- Michelle Cervantez, Hyundai
- Elena Ford, Ford
- Deborah Wahl Meyer, Lexus
- Julie Roehm, Chrysler group
- Jan Thompson, Nissan
Women are making their mark in auto marketing departments
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Most car-buying decisions are made or at least influenced by women, says Dave Cole, chairman of the Center for Automotive Research in Ann Arbor, Mich. A smart automaker will make sure women are well-represented in its marketing department, he says.
Marketing is more people-oriented and less quantitative than other segments of the industry, such as engineering and manufacturing, Cole says. He says women often are better than men at fostering teamwork and forming good personal relationships - essential skills for marketing work.
"Marketing means understanding people - how they think, how to read them," Cole says. "Women tend to possess an innate ability to deal with relationships and people, which is very important.
"It used to be that the biggest and toughest guy got to be the boss. That's not the game anymore. It's who can empower people and promote collaboration."
Top female marketers profess to love cars and marketing in equal measure. And they concede that to market cars successfully, they also have to display the confidence to market themselves.
"You do have to have a little extra confidence," says Lexus' Meyer.
Says Elena Ford: "I just think women always bring a sort of calm and rational side to the business world." And, she says, having "gasoline in my veins" doesn't hurt, either.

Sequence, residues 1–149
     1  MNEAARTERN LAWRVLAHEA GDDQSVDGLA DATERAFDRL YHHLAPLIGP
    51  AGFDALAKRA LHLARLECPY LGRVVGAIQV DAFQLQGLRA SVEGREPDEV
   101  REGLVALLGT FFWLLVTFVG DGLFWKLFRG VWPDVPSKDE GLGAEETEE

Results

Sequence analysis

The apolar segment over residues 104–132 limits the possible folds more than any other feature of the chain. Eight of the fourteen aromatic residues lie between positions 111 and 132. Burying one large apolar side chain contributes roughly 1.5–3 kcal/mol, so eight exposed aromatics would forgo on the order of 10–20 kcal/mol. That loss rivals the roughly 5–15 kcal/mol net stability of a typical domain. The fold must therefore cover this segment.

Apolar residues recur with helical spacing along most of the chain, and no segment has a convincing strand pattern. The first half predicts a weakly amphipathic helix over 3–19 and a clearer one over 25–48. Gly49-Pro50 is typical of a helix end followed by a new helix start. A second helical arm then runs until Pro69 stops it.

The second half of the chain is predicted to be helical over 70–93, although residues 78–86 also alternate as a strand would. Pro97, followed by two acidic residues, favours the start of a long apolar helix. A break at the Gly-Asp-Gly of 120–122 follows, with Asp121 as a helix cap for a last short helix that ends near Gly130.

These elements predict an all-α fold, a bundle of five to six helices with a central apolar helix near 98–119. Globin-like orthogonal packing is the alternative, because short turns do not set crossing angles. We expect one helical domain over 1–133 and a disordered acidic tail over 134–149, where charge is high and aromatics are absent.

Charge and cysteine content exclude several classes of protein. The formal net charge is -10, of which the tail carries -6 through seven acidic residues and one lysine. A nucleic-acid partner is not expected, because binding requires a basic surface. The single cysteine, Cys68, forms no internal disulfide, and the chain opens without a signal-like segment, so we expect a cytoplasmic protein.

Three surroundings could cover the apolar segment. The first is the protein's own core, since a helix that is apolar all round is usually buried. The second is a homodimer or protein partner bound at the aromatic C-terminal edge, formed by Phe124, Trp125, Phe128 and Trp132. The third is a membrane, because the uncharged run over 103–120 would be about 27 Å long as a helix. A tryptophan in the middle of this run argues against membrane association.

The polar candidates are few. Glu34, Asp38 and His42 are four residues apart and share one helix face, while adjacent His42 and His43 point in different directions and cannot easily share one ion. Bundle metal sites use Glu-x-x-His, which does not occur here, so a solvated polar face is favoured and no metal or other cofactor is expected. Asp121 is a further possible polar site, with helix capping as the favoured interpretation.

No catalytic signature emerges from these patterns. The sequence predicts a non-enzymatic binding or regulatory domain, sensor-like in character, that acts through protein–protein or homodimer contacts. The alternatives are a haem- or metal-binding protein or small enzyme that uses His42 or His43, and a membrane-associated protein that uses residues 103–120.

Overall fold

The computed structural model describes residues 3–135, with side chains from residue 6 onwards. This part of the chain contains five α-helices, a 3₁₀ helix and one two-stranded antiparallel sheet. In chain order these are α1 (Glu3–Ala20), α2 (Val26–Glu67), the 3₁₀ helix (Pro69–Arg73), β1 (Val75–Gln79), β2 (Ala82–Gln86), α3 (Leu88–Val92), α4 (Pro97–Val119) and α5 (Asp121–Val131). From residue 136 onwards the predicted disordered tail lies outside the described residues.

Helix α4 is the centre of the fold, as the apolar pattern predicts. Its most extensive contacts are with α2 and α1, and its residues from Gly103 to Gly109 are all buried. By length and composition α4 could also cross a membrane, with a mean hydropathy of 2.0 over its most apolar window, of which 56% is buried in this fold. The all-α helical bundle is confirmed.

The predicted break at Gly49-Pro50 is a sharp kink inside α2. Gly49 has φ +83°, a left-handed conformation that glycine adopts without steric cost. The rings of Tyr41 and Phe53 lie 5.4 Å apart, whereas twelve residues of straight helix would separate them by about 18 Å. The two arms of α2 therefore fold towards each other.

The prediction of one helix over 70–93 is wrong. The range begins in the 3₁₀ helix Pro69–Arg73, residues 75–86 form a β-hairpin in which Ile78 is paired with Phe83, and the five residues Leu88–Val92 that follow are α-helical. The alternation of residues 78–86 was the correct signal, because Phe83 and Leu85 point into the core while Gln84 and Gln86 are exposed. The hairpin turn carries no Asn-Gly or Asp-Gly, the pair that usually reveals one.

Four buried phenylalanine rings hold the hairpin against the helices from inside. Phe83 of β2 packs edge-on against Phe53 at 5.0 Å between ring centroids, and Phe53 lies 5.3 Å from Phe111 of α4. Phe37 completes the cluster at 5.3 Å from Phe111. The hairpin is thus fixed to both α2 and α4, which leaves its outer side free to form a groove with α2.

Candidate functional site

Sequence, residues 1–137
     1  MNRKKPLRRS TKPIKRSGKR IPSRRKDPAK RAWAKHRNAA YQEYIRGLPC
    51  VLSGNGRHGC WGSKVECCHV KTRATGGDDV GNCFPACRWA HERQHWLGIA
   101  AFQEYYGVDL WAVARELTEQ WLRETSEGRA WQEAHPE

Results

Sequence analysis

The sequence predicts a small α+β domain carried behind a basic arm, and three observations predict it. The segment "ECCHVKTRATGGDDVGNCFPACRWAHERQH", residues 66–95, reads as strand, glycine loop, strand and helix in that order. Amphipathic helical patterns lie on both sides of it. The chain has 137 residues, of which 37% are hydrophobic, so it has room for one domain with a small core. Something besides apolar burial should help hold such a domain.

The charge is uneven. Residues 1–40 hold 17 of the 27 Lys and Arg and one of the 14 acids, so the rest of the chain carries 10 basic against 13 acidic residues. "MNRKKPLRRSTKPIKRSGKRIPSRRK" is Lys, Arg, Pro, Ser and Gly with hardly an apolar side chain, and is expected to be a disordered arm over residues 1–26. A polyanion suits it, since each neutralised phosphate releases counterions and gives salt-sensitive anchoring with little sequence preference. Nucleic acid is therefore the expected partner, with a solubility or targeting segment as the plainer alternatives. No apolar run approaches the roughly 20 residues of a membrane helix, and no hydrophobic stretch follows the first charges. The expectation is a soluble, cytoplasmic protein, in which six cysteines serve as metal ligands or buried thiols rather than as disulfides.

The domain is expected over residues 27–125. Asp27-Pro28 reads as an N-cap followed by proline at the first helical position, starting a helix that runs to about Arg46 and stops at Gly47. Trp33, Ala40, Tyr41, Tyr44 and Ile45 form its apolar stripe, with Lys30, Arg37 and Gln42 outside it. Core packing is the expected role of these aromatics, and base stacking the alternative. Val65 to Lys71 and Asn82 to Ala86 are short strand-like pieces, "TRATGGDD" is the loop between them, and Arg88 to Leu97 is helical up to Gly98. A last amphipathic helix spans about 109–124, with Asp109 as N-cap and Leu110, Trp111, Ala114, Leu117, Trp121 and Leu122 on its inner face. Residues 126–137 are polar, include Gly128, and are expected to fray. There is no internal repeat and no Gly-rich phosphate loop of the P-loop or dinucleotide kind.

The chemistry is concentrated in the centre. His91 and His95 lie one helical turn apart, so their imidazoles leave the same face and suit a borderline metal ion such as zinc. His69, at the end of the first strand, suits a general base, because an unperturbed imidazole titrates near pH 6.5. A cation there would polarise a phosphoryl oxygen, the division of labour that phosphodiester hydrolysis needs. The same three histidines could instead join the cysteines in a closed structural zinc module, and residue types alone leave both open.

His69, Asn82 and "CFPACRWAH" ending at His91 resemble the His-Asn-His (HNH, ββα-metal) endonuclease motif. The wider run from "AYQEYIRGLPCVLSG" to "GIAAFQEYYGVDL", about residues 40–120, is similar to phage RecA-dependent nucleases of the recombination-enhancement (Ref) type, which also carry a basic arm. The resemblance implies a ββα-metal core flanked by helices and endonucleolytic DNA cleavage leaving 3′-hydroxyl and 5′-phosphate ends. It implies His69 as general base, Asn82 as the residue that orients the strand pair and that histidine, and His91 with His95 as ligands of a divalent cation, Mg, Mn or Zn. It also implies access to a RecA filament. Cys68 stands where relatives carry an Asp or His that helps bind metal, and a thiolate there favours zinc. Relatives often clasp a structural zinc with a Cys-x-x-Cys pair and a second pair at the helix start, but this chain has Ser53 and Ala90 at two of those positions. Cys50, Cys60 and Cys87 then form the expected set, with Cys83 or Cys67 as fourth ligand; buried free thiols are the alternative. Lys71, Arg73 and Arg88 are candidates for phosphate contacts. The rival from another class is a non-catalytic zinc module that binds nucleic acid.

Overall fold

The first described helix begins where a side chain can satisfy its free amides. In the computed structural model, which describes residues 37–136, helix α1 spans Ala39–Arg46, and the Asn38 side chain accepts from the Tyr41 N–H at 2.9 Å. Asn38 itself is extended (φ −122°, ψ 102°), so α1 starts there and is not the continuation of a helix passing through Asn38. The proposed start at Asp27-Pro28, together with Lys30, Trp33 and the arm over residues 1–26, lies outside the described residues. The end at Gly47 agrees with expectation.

Roehm of the Chrysler group says she is startled to hear herself referred to as courageous.
"It's shocking to me because I don't see myself this way," Roehm says. "People say, 'Wow, you're so brave.' I find those descriptors to be odd."
But Roehm, 34, has built her career with unconventional moves. This year, for example, she attracted controversy when she proposed overhauling the decades-old upfront system for buying time for TV commercials.
Automakers and other advertisers haggle with broadcast and cable networks each spring over ad rates for the TV season that starts in the fall.
Roehm complains that the upfront system gives networks too much control over prices. It also can force advertisers to settle for shows and time slots they might not want, she says.
Roehm says she wants to make the upfront system more like the stock market, based on open bidding. Many network executives have resisted the proposal. But Roehm says she also has heard praise for her idea, which "flies in the face of tradition."
She oversees the work of about 2,000 people at the Chrysler group and its advertising vendors. Working in an industry that remains largely a man's world doesn't intimidate her, Roehm says.
"When you're trying to work with people, you have to have confidence in what you say or you'll be eaten up," she says. "Is that true for men, too? Yeah, but it's even more true for women."
To maintain her credibility and the force of her convictions, Roehm says she overprepares.
"I'm not afraid because I'm prepared," she says. "I come across with a confident front. But that's because before I speak or lead, I'm very introspective."
Read all about it